Wednesday, 2 June 2021

carnage for foragers!

 A couple of weeks ago I heard this loud squawking from a large number of birds. I was indoors, but the sound was cacophonous and I wondered what was going on. On my morning walk I saw that workmen from the Council were on the edge of the estate with some power tools. I thought they were just planning to do the usual trim, which in itself was always an expected disappointment - they had a habit of annually cutting back the blackberry bushes just as the berries were near to ripening. I had grown accustomed to not foraging for blackberries in my own neighbourhood. Usually, however, that culling was done later in the season,. All this bird protest was probably in a justified panic as I imagine nests were being destroyed. 

I could never really see the point of trimming the blackberries either: the bushes were on a small green in the neighbourhood which was used for no purpose other than as an entranceway to the park and as an area for a Hallowe'en bonfire. That wilful destruction of bird habitat was taking place was disturbing to say the least.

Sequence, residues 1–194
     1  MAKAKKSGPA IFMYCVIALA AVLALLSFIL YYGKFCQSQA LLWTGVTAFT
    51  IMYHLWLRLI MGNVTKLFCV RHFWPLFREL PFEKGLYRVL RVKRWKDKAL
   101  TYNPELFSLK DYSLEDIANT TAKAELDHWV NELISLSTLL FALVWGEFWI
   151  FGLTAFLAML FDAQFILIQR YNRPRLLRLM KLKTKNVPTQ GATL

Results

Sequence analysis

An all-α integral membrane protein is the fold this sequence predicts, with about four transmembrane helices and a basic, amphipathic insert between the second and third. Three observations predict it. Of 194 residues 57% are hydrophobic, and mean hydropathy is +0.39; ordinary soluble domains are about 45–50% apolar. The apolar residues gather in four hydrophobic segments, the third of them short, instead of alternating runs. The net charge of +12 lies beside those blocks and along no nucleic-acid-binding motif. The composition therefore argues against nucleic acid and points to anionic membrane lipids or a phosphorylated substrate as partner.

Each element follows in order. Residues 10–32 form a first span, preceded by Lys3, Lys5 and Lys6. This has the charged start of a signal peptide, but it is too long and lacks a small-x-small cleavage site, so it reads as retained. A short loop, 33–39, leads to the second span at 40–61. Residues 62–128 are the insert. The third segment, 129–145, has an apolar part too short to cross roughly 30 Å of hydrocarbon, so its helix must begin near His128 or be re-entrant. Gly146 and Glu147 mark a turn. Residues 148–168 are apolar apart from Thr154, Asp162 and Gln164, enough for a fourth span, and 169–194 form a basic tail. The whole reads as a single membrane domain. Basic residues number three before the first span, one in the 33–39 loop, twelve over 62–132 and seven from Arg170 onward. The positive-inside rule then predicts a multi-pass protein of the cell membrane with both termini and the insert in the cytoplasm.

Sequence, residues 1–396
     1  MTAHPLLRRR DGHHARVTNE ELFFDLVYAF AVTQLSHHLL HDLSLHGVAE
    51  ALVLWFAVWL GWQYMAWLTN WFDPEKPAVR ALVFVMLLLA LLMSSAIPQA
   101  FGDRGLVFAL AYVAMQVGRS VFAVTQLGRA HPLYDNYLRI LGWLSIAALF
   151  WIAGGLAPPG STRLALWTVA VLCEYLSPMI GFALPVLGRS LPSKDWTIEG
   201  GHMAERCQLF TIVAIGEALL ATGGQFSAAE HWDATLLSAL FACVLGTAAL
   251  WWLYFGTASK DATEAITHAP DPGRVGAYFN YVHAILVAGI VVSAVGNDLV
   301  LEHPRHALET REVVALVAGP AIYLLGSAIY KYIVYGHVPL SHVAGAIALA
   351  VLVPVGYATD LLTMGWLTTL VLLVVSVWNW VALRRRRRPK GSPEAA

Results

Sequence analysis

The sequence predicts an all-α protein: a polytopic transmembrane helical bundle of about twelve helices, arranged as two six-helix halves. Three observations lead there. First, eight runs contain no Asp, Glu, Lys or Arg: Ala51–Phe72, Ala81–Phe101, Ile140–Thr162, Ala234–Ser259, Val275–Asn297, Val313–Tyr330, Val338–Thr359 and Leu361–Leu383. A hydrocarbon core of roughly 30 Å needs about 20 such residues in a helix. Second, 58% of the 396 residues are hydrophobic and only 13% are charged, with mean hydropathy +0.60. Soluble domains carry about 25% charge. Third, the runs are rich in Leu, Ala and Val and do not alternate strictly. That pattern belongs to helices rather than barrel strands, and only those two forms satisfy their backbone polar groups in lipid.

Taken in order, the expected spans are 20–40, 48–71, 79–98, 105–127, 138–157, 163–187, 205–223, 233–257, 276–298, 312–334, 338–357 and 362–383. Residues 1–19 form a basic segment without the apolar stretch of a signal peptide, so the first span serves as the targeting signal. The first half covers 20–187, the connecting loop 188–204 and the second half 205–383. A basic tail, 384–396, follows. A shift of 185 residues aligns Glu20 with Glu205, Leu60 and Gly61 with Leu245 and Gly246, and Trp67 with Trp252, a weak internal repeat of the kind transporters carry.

Then earlier this week the destruction continued as some bureaucrat with too much time on their hands (covid make-work project?) ordered the cutting down of the elderflower trees in this same area.

As well as being appalled by this recklessness, I was personally disappointed to see this as a done deed. Every year my husband picks elderflowers in early June and makes a beautiful summer cordial and wonderful wine. He has also made elderberry wine from berries picked in the autumn. Again, this culling took place on the edge of a small green separating the estate from the public park. This is a closer look at the stumps of elderflower trees that were left.

And all the branches and cuttings were simply flung in a big pile on the green. 

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